It’s BAAACK– algae on Lake Erie. So scary, Congress actually takes action

True color satellite image showing last year’s bloom in Lake Erie at its maximum intensity on September 29, 2014. Data from NASA’s Aqua satellite. (Credit: NASA).

I’m working this for Marketplace today (airing tomorrow morning). Here’s the pitch I sent:

Remember how nobody in Toledo could drink tap water last summer? Its threatening to happen again– toxic algae is blooming on Lake Erie, and it looks scary. People are stocking up on bottled water— andstores are setting limits on how much customers can buy.

Congress has actually voted to require the EPA to make some kind of plan to keep this from happening all the freaking time. (Which suggests that Congress finds this scarier than say, hitting the federal debt ceiling and allowing the economy to go off a cliff.)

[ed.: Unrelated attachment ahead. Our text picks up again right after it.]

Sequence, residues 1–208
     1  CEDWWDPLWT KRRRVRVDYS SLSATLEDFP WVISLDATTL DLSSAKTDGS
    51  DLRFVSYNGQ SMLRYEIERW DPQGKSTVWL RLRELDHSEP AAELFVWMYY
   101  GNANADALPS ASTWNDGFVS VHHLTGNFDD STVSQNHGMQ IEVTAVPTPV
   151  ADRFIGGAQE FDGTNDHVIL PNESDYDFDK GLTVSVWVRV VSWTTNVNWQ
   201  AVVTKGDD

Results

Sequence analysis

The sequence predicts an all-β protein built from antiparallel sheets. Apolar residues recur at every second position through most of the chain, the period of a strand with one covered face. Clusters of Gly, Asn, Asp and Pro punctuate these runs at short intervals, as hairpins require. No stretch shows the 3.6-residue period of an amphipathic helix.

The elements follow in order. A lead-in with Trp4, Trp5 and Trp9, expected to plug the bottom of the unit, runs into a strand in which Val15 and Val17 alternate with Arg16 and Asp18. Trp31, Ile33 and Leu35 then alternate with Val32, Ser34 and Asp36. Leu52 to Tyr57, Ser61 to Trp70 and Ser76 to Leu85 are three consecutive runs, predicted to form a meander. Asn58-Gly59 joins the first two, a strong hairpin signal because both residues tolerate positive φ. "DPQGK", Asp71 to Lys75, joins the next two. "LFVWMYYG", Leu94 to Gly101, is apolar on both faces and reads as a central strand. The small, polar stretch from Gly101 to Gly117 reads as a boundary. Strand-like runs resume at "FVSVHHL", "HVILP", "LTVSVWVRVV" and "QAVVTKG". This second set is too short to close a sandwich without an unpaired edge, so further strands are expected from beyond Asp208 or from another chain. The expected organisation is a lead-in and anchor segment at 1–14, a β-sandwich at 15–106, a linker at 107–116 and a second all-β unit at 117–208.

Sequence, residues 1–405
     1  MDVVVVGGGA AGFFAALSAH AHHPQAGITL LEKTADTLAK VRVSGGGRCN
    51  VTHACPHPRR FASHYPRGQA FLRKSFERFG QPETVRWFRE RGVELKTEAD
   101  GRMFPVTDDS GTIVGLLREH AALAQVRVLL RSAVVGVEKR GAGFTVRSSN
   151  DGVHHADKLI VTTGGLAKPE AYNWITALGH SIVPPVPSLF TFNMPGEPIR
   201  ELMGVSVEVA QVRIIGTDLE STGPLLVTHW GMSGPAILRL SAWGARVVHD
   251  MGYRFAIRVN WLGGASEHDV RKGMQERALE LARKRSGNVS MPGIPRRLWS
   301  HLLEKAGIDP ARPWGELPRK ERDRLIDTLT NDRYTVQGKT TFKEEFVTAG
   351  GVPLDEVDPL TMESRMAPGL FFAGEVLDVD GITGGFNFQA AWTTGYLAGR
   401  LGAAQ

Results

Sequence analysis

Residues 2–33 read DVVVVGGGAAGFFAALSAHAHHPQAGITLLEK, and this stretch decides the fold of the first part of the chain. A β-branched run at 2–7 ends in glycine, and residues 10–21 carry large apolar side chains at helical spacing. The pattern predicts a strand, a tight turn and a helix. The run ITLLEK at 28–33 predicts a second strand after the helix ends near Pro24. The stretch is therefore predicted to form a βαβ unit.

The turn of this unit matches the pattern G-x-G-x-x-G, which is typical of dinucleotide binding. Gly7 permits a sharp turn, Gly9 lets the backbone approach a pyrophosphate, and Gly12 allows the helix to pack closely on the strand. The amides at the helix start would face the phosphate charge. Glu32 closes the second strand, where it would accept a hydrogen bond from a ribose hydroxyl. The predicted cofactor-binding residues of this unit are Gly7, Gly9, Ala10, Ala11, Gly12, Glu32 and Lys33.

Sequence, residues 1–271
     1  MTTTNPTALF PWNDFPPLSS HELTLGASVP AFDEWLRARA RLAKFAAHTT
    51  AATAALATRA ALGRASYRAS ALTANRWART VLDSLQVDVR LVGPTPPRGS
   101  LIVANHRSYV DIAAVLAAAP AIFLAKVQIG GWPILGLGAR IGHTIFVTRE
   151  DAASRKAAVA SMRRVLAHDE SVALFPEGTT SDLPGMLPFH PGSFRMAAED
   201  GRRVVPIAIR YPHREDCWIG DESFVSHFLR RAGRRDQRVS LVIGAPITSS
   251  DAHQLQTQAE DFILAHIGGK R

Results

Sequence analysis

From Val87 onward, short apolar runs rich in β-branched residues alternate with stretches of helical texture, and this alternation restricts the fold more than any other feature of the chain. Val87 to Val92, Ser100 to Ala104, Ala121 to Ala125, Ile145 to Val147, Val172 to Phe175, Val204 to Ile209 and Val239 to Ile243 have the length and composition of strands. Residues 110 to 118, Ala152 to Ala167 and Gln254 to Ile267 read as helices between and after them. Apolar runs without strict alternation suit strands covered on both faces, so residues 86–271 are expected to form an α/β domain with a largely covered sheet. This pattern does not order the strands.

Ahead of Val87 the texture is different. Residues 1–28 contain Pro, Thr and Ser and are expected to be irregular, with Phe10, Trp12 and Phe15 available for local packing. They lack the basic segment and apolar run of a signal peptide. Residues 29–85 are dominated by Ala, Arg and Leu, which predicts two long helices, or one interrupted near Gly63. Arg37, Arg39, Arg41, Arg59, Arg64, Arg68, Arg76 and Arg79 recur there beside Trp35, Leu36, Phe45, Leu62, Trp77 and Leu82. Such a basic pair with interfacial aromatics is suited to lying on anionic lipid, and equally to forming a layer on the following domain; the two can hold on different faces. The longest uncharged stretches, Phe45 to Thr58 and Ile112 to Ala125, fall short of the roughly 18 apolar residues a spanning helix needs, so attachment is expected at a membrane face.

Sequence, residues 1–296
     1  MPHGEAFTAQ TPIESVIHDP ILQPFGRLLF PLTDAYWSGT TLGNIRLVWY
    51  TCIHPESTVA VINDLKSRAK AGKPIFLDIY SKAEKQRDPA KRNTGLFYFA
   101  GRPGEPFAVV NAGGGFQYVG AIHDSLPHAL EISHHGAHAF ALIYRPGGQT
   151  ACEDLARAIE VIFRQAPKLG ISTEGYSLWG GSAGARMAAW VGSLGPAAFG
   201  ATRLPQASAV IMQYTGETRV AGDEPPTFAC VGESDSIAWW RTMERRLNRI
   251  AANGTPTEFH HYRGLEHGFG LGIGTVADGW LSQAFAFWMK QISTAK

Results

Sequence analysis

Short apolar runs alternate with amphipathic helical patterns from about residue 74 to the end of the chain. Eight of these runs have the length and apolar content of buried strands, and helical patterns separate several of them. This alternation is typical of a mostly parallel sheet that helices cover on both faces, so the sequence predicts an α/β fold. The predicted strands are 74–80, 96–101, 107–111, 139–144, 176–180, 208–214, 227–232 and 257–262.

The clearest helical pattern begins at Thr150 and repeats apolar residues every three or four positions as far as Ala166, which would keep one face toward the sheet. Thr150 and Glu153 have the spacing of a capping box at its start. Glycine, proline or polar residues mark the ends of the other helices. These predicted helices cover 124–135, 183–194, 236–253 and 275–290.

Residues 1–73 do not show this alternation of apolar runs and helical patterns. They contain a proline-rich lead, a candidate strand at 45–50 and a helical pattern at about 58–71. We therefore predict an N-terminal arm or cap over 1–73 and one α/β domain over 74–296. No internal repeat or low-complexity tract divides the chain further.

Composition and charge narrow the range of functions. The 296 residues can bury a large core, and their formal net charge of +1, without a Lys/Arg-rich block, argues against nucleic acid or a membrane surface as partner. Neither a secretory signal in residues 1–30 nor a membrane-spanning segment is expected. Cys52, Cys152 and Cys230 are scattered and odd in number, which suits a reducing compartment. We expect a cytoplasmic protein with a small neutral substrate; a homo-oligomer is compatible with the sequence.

So… What would an EPA plan look like? What’s causing the problem?

Multiple factors:

  1. Climate change. Algae like it warm.
  2. Agricultural runoff:  Algae like nitrogen and phosphorous– fertilizers. (Give climate change extra points here for creating bigger storms that push more fertilizer-laced water toward the lake.)
  3. Aging infrastructure: That’s your leaky septic tank, right there. Also good source of nitrogen and phosphorous.

So, yeah– no big.

Let’s dig into numbers 2 and 3.  What’s the price tag on fixing them– and who the heck would pay it? Farmers? Septic-tank owners? Consumers who eat agricultural products (i.e., all of us)? Taxpayers?

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